The European Commission’s probe into oil markets needs to be clearer in its objectives, according to Platts, an energy news and price publisher that was among the companies raided last month by investigators.
“I hope very much that in those investigations they can share with us very transparently what is it that they are looking for and who precisely they are looking at,” Jorge Montepeque, Platts’s director of market reporting, said at a conference in Kuala Lumpur today. “We need as much transparency in government action as we need transparency in the actions by the industry.”
European Union antitrust regulators raided the offices of Platts and oil companies BP Plc (BP/), Royal Dutch Shell Plc (RDSA) and Statoil ASA (STL) starting on May 14 to investigate possible price manipulation and collusion by traders. Platts, owned by McGraw Hill Financial, provided data and is cooperating with the inquiry. It continues to publish benchmark prices including North Sea Dated Brent, against which more than half the world’s crude is valued.
“One should prove there is a manipulation first and then try to find a solution for the problem if there is one,” Montepeque said.
Trading houses including Vitol Group, Glencore Xstrata Plc and Gunvor Group Ltd., which aren’t themselves under investigation, were asked last month to provide information to regulators, according to three people familiar with the situation, who asked not to be identified because the matter is private. The companies are assisting the commission with the inquiry, the people said.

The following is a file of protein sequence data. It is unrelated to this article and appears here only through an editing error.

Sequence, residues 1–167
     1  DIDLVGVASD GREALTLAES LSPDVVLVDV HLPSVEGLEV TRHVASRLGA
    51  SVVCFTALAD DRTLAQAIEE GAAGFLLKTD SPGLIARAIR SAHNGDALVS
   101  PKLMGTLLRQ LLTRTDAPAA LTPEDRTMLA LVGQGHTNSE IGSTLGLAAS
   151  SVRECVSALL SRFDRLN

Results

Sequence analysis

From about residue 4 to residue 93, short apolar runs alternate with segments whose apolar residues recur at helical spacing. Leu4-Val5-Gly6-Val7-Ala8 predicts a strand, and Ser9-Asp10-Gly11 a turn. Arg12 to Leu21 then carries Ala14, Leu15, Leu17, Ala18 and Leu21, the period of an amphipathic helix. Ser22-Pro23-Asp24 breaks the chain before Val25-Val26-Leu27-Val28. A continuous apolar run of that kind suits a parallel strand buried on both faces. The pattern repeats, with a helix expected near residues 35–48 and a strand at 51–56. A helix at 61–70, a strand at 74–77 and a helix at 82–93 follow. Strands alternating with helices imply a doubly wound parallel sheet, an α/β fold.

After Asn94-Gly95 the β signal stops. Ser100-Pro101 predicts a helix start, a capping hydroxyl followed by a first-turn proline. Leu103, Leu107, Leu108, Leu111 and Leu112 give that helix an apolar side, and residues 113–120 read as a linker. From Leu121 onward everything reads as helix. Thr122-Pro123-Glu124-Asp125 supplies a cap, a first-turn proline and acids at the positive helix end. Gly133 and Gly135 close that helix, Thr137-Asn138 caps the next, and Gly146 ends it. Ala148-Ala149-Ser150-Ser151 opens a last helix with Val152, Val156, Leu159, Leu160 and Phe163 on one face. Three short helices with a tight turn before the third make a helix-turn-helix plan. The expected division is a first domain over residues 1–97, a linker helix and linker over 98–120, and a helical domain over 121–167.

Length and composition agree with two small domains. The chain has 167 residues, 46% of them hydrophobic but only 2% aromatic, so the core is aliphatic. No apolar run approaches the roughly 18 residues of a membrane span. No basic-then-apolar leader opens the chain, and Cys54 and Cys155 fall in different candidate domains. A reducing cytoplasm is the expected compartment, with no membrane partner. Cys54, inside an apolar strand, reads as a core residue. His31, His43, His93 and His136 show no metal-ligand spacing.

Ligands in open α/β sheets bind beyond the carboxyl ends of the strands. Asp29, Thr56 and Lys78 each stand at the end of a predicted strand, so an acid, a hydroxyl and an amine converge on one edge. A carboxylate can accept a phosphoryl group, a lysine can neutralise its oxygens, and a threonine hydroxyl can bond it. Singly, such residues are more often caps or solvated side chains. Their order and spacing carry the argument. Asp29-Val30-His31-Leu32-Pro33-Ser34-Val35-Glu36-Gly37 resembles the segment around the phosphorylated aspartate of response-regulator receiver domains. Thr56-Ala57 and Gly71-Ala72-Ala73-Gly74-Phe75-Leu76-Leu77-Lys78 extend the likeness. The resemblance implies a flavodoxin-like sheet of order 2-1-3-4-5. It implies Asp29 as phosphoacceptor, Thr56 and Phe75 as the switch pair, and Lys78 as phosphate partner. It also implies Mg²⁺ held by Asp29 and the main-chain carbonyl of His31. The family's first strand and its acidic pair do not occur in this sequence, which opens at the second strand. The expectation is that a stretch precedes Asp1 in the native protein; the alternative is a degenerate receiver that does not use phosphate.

“We feel the industry is doing an open, transparent job,” Ian Taylor, Vitol’s chief executive officer, said in Kuala Lumpur today. “Let’s get the question right first and identify the problem,” instead of proposing more regulation, he said. The trader generated revenue of $303 billion last year.
Platts has said rules drafted by global regulators to safeguard against manipulation of financial benchmarks may make markets less transparent, because oil traders would stop submitting their transactions to price-reporting companies.
When asked whether Platts and its peers should be regulated, Montepeque said: “The role of press is actually to open up and to speak freely, without any fear of retribution if there is something going on.”
Bloomberg LP, the parent of Bloomberg News, competes with Platts and other companies in providing energy markets news and information.
Antoine Colombani, a spokesman for the European Commission in Brussels, couldn’t immediately be reached by phone and didn’t immediately respond to an e-mail seeking comment.
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